Adobe has announced their Creative Suite 4, in which they have aligned the schedules of virtually all of their products to be updated at the same time. One of these programs is, of course, After Effects, which we have based our business around since its release in 1992. As a result, we obviously go over each new release with a fine-tooth comb, looking for which new features will make our lives easier, will give us new looks, and which may open up new avenues of business for us. That last point has become particularly interesting in light of Adobe’s acquisition of Macromedia, plus their focus on integrating functionality across the various programs in the Creative Suite.
In this article, we will give a brief overview of many of those new features. In addition to articles up here on ProVideoCoalition, there are several other places where you can glean additional information:
- Later Tuesday afternoon (the 23rd), Adobe will be placing the”live help” file for After Effects CS4 online. When it is up, you can access the entire Help file by clicking here, and search for features of specific interest. Click here to jump straight to the New Features page; click here to jump straight to the page that describes changes in the User Interface between CS3 and CS4.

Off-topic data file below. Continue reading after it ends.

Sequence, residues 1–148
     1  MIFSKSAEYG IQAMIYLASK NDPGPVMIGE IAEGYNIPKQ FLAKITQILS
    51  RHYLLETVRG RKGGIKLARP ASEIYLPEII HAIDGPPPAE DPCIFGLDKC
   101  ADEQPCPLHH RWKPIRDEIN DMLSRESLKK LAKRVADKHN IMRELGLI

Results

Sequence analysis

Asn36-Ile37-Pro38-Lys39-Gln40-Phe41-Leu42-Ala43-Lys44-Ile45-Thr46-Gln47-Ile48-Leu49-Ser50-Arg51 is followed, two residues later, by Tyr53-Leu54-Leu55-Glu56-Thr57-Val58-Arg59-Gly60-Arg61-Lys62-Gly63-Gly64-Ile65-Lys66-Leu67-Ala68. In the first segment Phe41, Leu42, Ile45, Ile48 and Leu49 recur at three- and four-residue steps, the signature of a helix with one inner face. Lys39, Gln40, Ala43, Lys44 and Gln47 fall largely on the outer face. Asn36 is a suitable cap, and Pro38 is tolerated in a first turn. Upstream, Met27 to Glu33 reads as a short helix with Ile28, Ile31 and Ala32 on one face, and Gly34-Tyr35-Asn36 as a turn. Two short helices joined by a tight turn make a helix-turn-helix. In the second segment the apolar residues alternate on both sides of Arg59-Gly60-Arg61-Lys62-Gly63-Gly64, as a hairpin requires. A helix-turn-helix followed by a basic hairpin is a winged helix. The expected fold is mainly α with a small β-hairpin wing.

- We’ve created an hour of video training on using the new features in AE CS4 for lynda.com’s Online Training Library. The course is called After Effects CS4: New Creative Techniques; when it goes live, it can be found here. Two of the movies are scheduled to go online at the same time as the CS4 announcement; the remaining ten will go live once CS4 ships. lynda.com will also be posting New Feature previews for Illustrator CS4, Flash CS4, and Photoshop CS4, plus full courses for the new features in Fireworks CS4, Soundbooth CS4, and Dreamweaver CS4 (these last three are available as public betas from the Adobe Labs web site.) If you don’t already have a yynda.com subscription, you can get a free all-access 7-day trial on us by clicking here.
- We’ve also written an article about the new features in AE CS4 for Focal Press, which appears at www.CMG4CS4.com. That article also outlines our plans for our books in relation to CS4.
On to our hit list of interesting new features in AE CS4: